Bright light of truth is shining on Cele
The Sunday Times: A YEAR and nine months ago, this newspaper published a series of stories exposing irregularities surrounding the leasing of police buildings in Pretoria and Durban perpetrated by the police commissioner, Bheki Cele.
Since then, the reporters who wrote that story have endured arrest, surveillance and smears that claimed their reporting was not impartial.
We have stood by our reporters and their story through thick and thin.
This week, we were totally vindicated.
The detailed 114-page report by Judge Jake Moloi has backed up every single assertion in our reports.
The phrases and adjectives used to describe the national commissioner's conduct are stark and severe, and are worth enumerating at length.
They include: "an abrogation and a neglect of duty of the highest order"; "complete disregard for the constitutional and legislative precepts"; "misconducted himself in the process of procuring the leases"; "is not fit for the office he holds"; "lacks capacity for executing his official duties efficiently"; "complete lack of even appreciating his position as the head of the SAPS"; "he was hell-bent on ensuring Shabangu secured the Durban lease"; "his denial was meant to mislead"; "dishonest and not truthful"; and "failed to ensure that the procurement and provisioning system which was in place was adhered to".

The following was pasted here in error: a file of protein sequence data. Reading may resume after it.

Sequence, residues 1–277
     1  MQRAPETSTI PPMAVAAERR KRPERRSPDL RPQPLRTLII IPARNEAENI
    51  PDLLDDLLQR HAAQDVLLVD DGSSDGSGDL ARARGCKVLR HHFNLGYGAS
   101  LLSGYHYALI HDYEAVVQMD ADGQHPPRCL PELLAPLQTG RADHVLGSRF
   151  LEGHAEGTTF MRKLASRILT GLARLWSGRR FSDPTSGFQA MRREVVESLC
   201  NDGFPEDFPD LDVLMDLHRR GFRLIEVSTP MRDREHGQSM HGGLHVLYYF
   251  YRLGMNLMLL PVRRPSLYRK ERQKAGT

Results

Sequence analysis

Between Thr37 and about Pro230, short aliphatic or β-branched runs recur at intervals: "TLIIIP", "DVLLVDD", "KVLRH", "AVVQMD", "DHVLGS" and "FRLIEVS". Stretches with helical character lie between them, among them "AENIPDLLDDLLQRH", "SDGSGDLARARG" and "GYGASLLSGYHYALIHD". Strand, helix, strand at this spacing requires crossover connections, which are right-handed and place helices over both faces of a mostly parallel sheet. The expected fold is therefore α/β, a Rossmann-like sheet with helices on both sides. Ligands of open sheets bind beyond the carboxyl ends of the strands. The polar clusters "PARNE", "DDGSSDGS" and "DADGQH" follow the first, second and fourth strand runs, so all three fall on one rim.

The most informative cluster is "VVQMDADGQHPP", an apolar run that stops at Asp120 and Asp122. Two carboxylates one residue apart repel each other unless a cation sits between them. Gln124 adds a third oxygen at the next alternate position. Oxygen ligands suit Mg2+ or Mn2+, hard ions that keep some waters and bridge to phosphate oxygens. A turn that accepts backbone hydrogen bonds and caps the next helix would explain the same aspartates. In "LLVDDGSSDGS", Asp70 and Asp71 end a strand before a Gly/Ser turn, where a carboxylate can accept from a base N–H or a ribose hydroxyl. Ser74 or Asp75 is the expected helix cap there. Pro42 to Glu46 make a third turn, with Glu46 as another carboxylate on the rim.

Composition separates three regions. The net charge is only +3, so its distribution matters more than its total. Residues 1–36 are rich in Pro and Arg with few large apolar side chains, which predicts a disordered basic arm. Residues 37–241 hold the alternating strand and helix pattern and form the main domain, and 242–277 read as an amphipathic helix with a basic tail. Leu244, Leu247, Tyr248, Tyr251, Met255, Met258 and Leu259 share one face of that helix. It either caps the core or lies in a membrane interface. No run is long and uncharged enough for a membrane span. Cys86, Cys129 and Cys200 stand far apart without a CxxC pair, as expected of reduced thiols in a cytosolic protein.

The report's findings are devastating for Cele. They state that he "grossly misconducted himself with regard to the procurement of the Sanlam Middestad and the Transnet buildings in Pretoria and Durban, respectively. He also partook in processes which compromised the procurement procedures."
It finds that Cele "retrofitted" a needs analysis to match the capacity of the buildings offered.
"The board is duty bound to recommend that the president of the Republic of South Africa order his removal from office in terms of provisions of section 8(6)(b)(v) of the South African Police Service Act."
This report and an earlier damning finding by the public protector ought to finally draw a line under a tawdry episode in this country's history of governance.
But this being South Africa, there is no doubt still more to come. Cele and those who conduct spin on his behalf will - you would think laughably - continue to insist on his innocence. No doubt the motives of the judge, his board, the public protector and the journalists who wrote the story will be called into question as if they are all part of a giant conspiracy to remove from office a poor, innocent, effective crime fighter.
It won't work. The bright light of truth is finally shining into the eyes of even the biggest doubters.